His voice was unmistakable and his generosity was felt across the mountains. Well known Hazard businessman Vernon Cooper died Wednesday morning at the Hazard ARH. He was a man who certainly left his mark in this town and beyond.
Doctor Claude Vernon Cooper Junior loved the mountains of Eastern Kentucky.
"Main Street of Hazard is my favorite place on this globe," he once said.
Cooper learned the value of work at an early age.
"My mother was always quoting George Washington and Abraham Lincoln and those types of people and my father put me to work in the People's Bank of Hazard when I was 14 years old," he said.
Cooper would later serve as president of that bank for many years but before that, he had a decorated military record serving in the Navy during World War Two. He was nicknamed "Bruiser" and he remained an expert on Morse code until the end of his life.
Cooper saw many parts of the world most of us will never see. He was an avid mountain climber. During one of those trips, he nursed a fellow climber back to health after an accident.
"The most exciting moment of my life was saving a life on February 28, 1979," he said.
Cooper donated his time and money to many causes, including the Senior Citizens Radio Day Auction held annually on WSGS Radio.
A few examples of Cooper's generosity include one gift of more than two hundred thousand dollars to help build an open heart surgery unit at the Hazard ARH. He gave thousands to a Christian television station in Beattyville. Just before Christmas in 2003, he helped eight sheriff's deputies keep their jobs. In that same year, the 1941 graduate of Hazard High School made the largest contribution in the history of the school district writing a one hundred and twenty thousand dollar check for the installation of lights at the high school's baseball and softball fields.
But there was one gift that put Cooper in the headlines across the state. In 1999, he wrote a five hundred thousand dollar check to his alma-mater, the University of Kentucky, to help pay for a summer football camp. That check was improperly cashed by former U.K. Recruiting Coordinator Claude Bassett who was fired after an investigation that also led to the resignation of Coach Hal Mumme. The incident didn't stop his love for U.K. or mountain sports. Cooper could often be found sitting on the sidelines or on the bench during Hazard football and basketball games.
He was an honorary coach when the Hazard Lady Bulldogs were state champions in the late 90's.
"I love these Lady Bulldogs. They're number one in my head and my heart both," he said.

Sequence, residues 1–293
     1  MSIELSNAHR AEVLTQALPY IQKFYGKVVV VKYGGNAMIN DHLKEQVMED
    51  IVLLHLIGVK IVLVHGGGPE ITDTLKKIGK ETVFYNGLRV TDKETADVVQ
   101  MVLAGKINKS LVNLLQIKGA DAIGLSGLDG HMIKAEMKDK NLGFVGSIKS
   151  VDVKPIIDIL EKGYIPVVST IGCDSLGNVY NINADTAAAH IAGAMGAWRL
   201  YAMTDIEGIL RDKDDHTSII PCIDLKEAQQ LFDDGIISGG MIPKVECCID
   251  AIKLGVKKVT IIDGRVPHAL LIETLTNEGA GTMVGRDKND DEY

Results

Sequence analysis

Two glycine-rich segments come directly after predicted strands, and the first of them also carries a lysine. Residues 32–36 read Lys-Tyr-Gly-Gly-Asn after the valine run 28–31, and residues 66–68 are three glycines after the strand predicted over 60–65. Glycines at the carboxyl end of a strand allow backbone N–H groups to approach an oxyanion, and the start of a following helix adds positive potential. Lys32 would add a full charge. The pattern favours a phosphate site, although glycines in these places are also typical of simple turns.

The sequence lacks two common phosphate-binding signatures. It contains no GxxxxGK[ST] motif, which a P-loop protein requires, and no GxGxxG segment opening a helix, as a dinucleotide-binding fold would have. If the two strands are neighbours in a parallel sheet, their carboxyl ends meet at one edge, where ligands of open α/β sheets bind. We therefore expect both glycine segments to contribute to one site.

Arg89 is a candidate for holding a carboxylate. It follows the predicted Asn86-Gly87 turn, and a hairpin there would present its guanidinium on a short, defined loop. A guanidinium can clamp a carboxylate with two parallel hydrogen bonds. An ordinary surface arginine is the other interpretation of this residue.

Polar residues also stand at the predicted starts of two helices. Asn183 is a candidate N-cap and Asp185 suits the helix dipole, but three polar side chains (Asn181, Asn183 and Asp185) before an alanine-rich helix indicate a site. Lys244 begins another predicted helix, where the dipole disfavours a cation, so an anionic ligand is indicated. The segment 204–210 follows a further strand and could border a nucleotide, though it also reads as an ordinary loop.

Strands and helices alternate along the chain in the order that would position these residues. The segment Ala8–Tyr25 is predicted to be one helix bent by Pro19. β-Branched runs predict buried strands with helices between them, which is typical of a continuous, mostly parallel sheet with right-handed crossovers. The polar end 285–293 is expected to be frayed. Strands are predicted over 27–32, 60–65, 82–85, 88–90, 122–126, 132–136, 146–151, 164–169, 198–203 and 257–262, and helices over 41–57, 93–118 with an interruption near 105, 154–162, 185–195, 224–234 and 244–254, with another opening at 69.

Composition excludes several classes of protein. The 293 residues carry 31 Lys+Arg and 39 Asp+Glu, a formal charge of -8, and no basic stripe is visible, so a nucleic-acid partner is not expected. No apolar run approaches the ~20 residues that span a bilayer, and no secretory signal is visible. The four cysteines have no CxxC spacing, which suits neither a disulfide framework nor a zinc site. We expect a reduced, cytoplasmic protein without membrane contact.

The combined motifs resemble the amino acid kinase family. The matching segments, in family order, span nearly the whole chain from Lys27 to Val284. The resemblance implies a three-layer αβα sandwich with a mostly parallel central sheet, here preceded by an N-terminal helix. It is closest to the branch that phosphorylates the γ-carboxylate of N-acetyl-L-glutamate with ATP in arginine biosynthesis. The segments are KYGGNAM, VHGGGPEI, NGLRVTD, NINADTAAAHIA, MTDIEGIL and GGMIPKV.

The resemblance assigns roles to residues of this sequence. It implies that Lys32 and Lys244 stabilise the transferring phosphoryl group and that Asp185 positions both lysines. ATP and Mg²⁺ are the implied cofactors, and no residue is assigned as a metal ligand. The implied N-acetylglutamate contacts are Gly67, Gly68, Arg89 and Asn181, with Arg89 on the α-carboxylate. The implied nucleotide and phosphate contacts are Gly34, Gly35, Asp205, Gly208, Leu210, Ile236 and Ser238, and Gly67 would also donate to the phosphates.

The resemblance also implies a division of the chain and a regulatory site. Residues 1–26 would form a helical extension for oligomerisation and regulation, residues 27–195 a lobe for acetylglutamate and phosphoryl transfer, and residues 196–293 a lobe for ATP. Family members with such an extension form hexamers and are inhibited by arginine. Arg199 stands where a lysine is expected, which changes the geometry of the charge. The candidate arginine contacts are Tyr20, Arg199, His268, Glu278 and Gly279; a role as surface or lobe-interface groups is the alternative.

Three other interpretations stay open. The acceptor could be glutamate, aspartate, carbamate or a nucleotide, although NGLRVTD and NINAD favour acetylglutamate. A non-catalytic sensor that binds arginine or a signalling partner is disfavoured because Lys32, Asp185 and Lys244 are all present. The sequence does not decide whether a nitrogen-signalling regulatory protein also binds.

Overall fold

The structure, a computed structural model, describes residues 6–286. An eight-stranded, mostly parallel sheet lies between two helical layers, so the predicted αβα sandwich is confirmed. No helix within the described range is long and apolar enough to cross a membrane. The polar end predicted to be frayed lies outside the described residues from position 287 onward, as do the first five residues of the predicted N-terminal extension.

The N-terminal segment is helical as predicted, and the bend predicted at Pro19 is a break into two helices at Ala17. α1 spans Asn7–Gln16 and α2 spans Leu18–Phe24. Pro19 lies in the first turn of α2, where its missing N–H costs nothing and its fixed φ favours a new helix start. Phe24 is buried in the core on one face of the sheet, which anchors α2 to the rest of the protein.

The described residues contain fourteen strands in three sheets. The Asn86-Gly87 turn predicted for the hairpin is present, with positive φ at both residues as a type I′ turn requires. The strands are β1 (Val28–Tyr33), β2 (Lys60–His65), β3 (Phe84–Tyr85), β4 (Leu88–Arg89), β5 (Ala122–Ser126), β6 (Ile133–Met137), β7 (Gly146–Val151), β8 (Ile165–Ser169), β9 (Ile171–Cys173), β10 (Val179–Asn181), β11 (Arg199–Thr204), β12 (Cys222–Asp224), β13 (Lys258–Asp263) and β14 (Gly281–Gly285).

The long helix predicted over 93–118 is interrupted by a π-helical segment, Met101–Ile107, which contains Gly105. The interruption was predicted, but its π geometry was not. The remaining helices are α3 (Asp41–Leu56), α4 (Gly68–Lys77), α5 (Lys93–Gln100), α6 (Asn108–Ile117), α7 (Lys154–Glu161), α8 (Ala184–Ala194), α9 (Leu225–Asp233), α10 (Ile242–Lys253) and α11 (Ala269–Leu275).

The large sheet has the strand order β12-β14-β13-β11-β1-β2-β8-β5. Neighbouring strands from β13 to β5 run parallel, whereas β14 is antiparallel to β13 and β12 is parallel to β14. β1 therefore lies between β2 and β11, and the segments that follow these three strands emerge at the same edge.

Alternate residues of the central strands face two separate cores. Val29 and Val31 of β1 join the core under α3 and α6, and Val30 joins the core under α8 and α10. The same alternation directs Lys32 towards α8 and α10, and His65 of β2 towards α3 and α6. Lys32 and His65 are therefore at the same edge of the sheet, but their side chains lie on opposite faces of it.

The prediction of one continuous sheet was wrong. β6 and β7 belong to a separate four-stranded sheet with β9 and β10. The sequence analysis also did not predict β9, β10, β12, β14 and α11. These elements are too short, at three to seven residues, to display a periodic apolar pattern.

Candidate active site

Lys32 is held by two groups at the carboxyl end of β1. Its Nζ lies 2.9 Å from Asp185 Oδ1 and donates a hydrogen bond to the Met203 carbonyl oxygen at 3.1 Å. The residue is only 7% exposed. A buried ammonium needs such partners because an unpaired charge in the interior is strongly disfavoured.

In 2000, Cooper was given the East Kentucky Leadership Award for a private individual. His acceptance speech was memorable.
"When you have lived on this earth for over seven and a half decades, you don't expect to receive any more awards or rewards and as I live each day, my philosophy continues to be if it is to be, it's up to me," he said.
The awards kept coming until the very end and so did Cooper's love for the mountains and the people of Eastern Kentucky.
"I've been on 35-40 boards. I've tried to serve the people. I try to help someone everyday. I think that's what God put us on this earth for was to help our fellow man," he said.
The visitation for Cooper will be Friday from 4:00 until 8:00 pm. The funeral will be Saturday morning at 11:00. Both will be held at the Hazard High School gym.
Vernon Cooper was 83 years old.
He was called "Mr. Bulldog" or "Superfan" and Thursday night, Vernon Cooper was remembered at Memorial Gym in Hazard.
A tape with comments Cooper made about the Lady Bulldogs was played and there was a moment of silence.
He was an honorary coach for the team that won two state championships in 1997 and many of those players were at the game for a ten year reunion.
"He did so much for us, he got our championship rings, be bought us all portraits, he was just always there," Lori Graves Smith said.
"It's a very hurtful and painful loss for all the people of Hazard," Carolyn Alexander said.
"I would have loved for him to be here tonight, I'm sure he would have crawled in if he could have," Charlotte Sizemore said.
"The fact that Dr. Cooper cared so much about Hazard High School and the Hazard City School System that his final wishes were for his services to be held at the high school... I think that says it all," Hazard Superintendent Sandy Johnson said.